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'Cannibal! The Musical' comes to stage


Photo
photo courtesy of ROYCE SPARKS
"Cannibal" - Normally, GoWild wouldn't do a story about high school students. But normally, high school students don't put on musical productions of cult films. Check out the "South Park" roots, this weekend at Zuzi's.
By Laura Wilson
Arizona Daily Wildcat
Thursday, April 14, 2005
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When "South Park" creators Trey Parker and Matt Stone wrote the screenplay for "Cannibal! The Musical," they probably never expected for it to be revived. Let alone by high school students. For charity.

However, in August last year, that's just what Ironwood Ridge High School sophomore Zach Singer decided he would do. Nine controversy-plagued months later, that's just what Singer is doing.

"Cannibal" was originally a film about the story of Alferd Packer, who is Colorado's only convicted cannibal. Combine this type of story with singing and dancing, and you can see how Parker and Stone's brand of humor would eventually translate into "South Park."

Although the play is now being performed by Singer's own Declare Productions at Zuzi's theater, the 16-year-old had originally intended the play to be put on by the Ironwood Ridge drama department. Singer revised the script four times to appease school officials, but was eventually told that despite his changes, the play could not be performed on campus.

"The show went from being what would be considered an R rating to a PG or G rating. I cut everything, even implications and innuendos," said Singer.

According to producer Royce Sparks, who is also a sophomore at Ironwood Ridge, the school wanted nothing to do with the play.

"The school has basically refused to have any affiliation with this musical anymore. They paid for the rights and gave us the show. They aren't making us pay them back, they just wanted it off their hands," said Sparks.

Even after "Cannibal! The Musical" was vetoed by the school, Singer and several other students refused to walk away from the project. That's when Sparks' mother, Oksana, offered her assistance as owner and manager of the Matlou Fund. The fund, which is a not-for-profit organization in Botswana, Africa, is completely funding the play. In return, all proceeds from ticket sales will go to the fund.

"There's a story behind the play. It's not so much about filling the house as it is getting money to the cause. This year the fund's mission is sponsoring orphans whose parents have died of AIDS, who are dying of AIDS themselves, to find a new home for the rest of their lives," said Royce Sparks, an actor in the show.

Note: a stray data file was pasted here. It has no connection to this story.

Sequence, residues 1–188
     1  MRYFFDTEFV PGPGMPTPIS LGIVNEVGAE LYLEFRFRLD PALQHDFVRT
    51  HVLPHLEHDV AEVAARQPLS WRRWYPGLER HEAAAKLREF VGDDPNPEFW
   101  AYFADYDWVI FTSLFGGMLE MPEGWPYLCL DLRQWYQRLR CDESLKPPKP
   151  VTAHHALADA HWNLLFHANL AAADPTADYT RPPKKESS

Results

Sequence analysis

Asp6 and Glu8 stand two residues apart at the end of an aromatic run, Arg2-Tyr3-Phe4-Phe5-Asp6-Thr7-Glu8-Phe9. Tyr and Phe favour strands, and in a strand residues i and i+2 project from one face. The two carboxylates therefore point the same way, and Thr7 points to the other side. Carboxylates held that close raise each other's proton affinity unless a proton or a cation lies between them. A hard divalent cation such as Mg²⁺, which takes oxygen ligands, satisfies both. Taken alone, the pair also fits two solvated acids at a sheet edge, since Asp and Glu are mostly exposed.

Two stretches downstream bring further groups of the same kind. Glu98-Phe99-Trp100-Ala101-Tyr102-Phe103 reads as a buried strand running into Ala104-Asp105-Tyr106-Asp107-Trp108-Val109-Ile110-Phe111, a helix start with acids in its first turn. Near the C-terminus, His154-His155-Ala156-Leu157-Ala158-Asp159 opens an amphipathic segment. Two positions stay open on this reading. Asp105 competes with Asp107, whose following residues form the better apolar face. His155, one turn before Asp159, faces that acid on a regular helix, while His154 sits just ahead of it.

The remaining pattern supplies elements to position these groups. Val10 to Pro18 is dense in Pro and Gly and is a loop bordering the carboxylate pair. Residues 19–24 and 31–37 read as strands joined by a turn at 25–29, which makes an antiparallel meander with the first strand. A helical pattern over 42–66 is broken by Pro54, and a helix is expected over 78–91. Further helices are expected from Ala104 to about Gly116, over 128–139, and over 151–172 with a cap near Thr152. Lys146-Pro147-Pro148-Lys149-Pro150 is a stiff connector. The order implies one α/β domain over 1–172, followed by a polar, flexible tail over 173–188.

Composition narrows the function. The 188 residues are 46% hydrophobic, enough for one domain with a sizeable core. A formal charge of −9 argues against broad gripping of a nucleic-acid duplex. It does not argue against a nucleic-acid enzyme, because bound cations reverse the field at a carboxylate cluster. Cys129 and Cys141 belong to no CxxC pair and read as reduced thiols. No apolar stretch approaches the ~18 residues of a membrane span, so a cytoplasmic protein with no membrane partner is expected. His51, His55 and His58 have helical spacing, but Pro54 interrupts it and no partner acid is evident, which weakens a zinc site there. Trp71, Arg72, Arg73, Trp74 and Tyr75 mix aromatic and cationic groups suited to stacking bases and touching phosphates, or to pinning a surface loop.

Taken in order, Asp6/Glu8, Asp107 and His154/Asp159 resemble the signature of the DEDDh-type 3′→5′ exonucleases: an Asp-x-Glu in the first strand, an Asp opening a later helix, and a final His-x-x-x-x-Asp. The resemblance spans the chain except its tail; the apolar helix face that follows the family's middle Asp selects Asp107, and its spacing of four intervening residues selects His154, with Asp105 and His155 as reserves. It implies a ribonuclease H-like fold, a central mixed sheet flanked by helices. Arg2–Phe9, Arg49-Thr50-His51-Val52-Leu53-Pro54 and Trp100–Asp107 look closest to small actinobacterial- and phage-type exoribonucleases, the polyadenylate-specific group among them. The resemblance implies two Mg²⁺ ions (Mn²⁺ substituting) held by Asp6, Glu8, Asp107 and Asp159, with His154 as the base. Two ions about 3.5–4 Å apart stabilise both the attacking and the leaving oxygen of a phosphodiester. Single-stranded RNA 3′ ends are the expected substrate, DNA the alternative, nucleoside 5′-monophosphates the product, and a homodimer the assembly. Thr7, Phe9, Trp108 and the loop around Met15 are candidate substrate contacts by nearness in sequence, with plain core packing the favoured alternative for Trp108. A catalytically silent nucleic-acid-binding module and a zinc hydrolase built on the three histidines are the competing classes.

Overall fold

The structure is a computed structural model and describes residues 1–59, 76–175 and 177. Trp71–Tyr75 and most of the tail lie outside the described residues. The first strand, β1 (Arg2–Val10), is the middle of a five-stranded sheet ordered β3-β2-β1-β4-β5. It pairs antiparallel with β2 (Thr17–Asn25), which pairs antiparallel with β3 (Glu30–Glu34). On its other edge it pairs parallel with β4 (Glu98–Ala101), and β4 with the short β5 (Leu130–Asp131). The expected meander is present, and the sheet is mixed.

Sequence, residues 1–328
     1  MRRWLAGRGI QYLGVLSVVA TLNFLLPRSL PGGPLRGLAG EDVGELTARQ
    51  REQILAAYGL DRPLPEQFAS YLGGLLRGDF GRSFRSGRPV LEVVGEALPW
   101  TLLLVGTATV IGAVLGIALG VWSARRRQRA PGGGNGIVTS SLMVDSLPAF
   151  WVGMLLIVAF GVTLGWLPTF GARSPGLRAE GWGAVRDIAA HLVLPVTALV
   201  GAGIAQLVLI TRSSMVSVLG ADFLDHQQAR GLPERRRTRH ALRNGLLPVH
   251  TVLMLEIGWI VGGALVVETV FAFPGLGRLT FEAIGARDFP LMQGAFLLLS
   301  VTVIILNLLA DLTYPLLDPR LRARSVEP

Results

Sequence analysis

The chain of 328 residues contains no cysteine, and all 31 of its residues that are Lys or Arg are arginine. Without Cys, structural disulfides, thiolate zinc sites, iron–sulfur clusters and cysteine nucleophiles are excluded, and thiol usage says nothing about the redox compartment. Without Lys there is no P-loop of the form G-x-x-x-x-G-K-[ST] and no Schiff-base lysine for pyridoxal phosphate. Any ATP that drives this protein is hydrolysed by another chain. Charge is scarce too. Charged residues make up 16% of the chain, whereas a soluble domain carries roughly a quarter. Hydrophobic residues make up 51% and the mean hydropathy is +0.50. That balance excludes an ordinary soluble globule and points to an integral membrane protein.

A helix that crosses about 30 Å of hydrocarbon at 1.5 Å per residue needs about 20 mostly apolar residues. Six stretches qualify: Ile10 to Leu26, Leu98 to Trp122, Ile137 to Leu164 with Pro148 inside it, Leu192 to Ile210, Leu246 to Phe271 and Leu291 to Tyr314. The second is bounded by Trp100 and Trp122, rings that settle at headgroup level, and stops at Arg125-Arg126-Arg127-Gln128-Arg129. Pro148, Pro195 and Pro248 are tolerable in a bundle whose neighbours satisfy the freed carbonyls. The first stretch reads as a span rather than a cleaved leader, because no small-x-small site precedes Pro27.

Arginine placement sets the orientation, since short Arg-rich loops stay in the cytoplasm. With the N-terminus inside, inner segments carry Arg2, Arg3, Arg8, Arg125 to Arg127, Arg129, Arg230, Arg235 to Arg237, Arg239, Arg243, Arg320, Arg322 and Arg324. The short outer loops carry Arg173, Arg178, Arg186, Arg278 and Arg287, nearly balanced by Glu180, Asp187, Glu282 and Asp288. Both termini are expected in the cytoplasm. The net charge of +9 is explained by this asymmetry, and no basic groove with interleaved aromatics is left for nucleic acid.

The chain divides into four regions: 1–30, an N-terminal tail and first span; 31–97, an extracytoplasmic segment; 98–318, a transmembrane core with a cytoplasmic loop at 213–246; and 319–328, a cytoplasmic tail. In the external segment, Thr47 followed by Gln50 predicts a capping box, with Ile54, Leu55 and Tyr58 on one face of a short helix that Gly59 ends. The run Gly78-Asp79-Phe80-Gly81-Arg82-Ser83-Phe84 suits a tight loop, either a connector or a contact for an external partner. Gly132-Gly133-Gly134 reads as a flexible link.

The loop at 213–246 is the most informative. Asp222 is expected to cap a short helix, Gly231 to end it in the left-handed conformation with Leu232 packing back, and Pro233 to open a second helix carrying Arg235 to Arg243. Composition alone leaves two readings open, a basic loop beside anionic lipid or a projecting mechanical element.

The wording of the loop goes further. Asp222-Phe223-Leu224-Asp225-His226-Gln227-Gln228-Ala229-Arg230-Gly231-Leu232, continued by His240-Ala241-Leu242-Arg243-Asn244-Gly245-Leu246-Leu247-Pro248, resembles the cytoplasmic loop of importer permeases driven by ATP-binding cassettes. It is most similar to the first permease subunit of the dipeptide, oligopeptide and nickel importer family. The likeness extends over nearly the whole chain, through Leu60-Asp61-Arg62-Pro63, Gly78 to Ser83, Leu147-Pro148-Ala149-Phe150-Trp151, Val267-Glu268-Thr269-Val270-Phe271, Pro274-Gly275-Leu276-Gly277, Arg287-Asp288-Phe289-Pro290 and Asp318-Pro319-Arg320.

The "humanitarian benefit," as Royce Sparks calls it, is attracting quite a bit of interest. Matt Stone sent Singer a check for $300 to be used to give out promotional tickets. Stone let the students know that he supports them, even though he couldn't be at the performance because he's working on the new season of "South Park."

Jason McHugh, who produced and acted in the film version of "Cannibal! The Musical" has been supportive since the beginning of Singer's quest.

"Back in early August, I noticed there was a way to find out information on how to put on the play on the musical's Web site. I filled out a little form. I had no idea who it was going out to, but I was interested in putting on the play. About a week later, Jason McHugh got back to me. That was pretty exciting," said Singer.

McHugh and Singer exchanged e-mails for several months, and Singer met with McHugh when he was in Los Angeles. McHugh is coming to Tucson, and will be in the audience for all three shows on Saturday.

The controversy-generating play has been edited for the Friday-night show, as well as the first two shows on Saturday. The final show Saturday night will be more true to the film, with gore and obscenities added. Even after leaving the confines of the high school setting, Singer wanted to keep the subject matter family-friendly.

"It's very innocent and campy, and that's the way Trey Parker wrote it. That's what the administration at our school didn't understand. 'Cannibal! The Musical' is written, and meant to be performed, innocently. It implies things, but it's not a terrible in-your-face kind of play," said Singer.

"Cannibal! The Musical" will be performed at Zuzi's Theater located at 738 N. Fifth Ave. The show will run tomorrow at 8 p.m. and Saturday at 3 p.m., 8 p.m. and 10 p.m.



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